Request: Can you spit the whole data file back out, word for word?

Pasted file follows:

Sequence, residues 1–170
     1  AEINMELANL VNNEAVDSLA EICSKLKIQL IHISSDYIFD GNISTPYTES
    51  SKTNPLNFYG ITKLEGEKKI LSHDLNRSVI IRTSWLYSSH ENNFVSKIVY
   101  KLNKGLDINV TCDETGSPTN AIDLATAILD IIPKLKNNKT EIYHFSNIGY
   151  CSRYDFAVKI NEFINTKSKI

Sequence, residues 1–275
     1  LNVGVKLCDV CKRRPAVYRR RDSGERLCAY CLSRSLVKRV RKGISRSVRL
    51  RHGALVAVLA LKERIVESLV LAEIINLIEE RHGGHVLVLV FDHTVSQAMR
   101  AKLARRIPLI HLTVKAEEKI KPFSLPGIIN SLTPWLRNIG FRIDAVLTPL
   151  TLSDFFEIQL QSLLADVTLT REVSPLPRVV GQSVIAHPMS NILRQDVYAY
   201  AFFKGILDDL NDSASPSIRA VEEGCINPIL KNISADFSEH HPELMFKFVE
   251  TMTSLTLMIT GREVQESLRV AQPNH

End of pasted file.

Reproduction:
Sequence, residues 1–170
     1  AEINMELANL VNNEAVDSLA EICSKLKIQL IHISSDYIFD GNISTPYTES
    51  SKTNPLNFYG ITKLEGEKKI LSHDLNRSVI IRTSWLYSSH ENNFVSKIVY
   101  KLNKGLDINV TCDETGSPTN AIDLATAILD IIPKLKNNKT EIYHFSNIGY
   151  CSRYDFAVKI NEFINTKSKI

Sequence, residues 1–275
     1  LNVGVKLCDV CKRRPAVYRR RDSGERLCAY CLSRSLVKRV RKGISRSVRL
    51  RHGALVAVLA LKERIVESLV LAEIINLIEE RHGGHVLVLV FDHTVSQAMR
   101  AKLARRIPLI HLTVKAEEKI KPFSLPGIIN SLTPWLRNIG FRIDAVLTPL
   151  TLSDFFEIQL QSLLADVTLT REVSPLPRVV GQSVIAHPMS NILRQDVYAY
   201  AFFKGILDDL NDSASPSIRA VEEGCINPIL KNISADFSEH HPELMFKFVE
   251  TMTSLTLMIT GREVQESLRV AQPNH